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Thursday, November 16, 2006

China, India and Tenzin Tsundue

The smell of dystopia comes. The Chinese government is not happy about a dissenter in India, so they get the Indian government to crack down on him. Tenzin Tsundue, the activist for a free Tibet who won Outlook's then-annual essay competition with a lovely essay some years ago, has been placed under virtual city arrest. Matt Browner Hamlin reports:
[Tsundue] has been restricted to within the city limits of Dharamsala and is being guarded by eleven police officers around the clock. He has committed no crime and is under no suspicion of any dangerous activities. Yet the Indian government has declared that he will be deported to Tibet - a country that he has never lived in - if he leaves Dharamsala during the period of Chairman Hu Jintao’s visit to India.
Nitin Pai states his position:
Tenzin is a spirited protestor. But his methods are non-violent. “Non-violence is not a strategy for us” he writes, “It is a holistic way of living; it is our basic principle for life”. That should completely address concerns over President Hu’s security. And if the Indian government is that concerned that his protests may prove an eyesore for Hu and therefore an embarrassment for his hosts, then it should place perimeter restrictions that prevent Tsundue from getting into the Chinese president’s field of vision. There is no justification for any restraints that go beyond this.

Meanwhile, China itself has not shown an appreciation for its hosts’ sensitivities ahead of the trip—it has not hesitated to make it clear that its stand on the border dispute remains unchanged. So UPA government’s Nehruvian kow-towing to China’s sensibilities is as unreciprocated now as during Nehru’s own time.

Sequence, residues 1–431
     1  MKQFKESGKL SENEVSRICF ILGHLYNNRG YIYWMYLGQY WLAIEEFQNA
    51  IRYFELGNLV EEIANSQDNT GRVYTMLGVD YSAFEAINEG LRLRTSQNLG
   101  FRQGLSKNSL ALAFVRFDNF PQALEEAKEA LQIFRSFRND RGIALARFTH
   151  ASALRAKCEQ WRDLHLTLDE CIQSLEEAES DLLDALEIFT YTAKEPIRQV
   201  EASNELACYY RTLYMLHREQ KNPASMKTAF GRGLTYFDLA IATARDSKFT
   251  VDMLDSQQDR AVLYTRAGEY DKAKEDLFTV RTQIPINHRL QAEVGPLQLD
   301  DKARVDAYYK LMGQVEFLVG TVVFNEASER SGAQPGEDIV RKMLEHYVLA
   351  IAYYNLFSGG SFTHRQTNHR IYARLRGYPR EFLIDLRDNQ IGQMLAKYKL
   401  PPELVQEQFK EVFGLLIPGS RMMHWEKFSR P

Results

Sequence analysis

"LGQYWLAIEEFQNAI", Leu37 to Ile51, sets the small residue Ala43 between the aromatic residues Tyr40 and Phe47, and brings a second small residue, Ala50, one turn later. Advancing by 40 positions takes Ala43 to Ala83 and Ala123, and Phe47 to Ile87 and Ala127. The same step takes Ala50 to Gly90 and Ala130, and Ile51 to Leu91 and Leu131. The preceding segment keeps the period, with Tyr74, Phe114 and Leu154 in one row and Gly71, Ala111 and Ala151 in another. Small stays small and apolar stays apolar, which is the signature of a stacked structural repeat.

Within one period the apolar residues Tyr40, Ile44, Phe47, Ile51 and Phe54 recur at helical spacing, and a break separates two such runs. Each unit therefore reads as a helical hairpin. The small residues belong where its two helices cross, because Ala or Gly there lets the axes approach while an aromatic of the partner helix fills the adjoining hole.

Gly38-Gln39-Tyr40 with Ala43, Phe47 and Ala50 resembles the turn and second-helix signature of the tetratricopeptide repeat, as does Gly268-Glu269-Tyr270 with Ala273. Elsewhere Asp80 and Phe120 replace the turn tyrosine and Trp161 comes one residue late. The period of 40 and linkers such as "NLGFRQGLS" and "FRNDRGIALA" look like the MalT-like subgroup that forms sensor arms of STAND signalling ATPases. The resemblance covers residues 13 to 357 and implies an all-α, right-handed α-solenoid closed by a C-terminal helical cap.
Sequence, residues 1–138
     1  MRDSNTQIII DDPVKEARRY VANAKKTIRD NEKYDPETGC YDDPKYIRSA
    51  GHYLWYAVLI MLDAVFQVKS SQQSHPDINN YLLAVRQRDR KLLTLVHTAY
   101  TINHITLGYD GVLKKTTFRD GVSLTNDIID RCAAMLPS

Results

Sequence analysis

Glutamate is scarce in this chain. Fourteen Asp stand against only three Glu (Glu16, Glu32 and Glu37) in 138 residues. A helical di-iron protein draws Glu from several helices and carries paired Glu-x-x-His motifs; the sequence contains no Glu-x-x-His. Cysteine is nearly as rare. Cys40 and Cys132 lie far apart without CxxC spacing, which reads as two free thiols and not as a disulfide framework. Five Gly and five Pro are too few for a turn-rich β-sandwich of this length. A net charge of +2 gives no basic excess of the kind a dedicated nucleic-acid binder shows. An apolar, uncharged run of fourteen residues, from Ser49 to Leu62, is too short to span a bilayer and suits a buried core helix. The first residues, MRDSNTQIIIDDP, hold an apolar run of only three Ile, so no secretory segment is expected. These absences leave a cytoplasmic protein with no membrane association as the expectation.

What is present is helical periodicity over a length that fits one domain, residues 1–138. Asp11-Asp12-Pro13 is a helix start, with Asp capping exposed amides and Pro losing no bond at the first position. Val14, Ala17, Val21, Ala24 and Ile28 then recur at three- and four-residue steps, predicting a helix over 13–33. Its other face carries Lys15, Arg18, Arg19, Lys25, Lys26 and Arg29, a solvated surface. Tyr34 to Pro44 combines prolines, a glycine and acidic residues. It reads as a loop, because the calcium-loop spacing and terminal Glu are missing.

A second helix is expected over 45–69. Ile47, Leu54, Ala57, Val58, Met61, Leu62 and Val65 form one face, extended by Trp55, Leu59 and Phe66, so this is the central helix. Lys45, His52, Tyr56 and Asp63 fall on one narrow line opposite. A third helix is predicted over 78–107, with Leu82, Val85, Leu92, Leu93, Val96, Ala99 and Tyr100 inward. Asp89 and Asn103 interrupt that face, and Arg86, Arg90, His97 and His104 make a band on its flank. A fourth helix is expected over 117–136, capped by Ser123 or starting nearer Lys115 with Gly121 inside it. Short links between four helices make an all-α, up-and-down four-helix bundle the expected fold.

That the UPA government’s foreign policy is hijacked by its Communist allies should now be clear.
Bang on, though I must point out here that Indian governments of the past haven't been particularly staunch defenders of freedom, Communist allies or not. And I'm assuming that the second and third paras of the excerpt I quoted above are meant as an aside: even if China gave in to all our demands -- or whiny requests, as it were -- the freedom we allow our citizens and residents should be non-negotiable. Tenzin has no criminal record, and was unquestionably not planning a violent protest. It is a sad day when India starts behaving like China (unless we start doing well in table tennis, but this is not the place to be flippant).

Amardeep Singh posts on the subject here, and Desi Pundit is also tracking it. And here are some previous posts by me that touch on the subject of individual freedom in India: 1, 2, 3, 4.

(Some of the links here via mailing list email from Peter.)

Update: Space Bar writes in to say that while she opposes the Indian government's clamping down on Tsundue's freedom of speech and movement, he's not necessarily quite so non-violent. In a post on the subject, she cites Tsundue as writing:
A general apathy over Tibet and this non-action "non-violent freedom struggle' is slowly killing the movement.
Space Bar also points to a piece by Pankaj Mishra in which Tsundue is quoted as saying, "what's wrong with blowing up a few bridges?"

In any case, he wasn't about to blow up any bridges here. Such it is, such it goes.
amit varma, 11:15 AM| write to me | permalink | homepage

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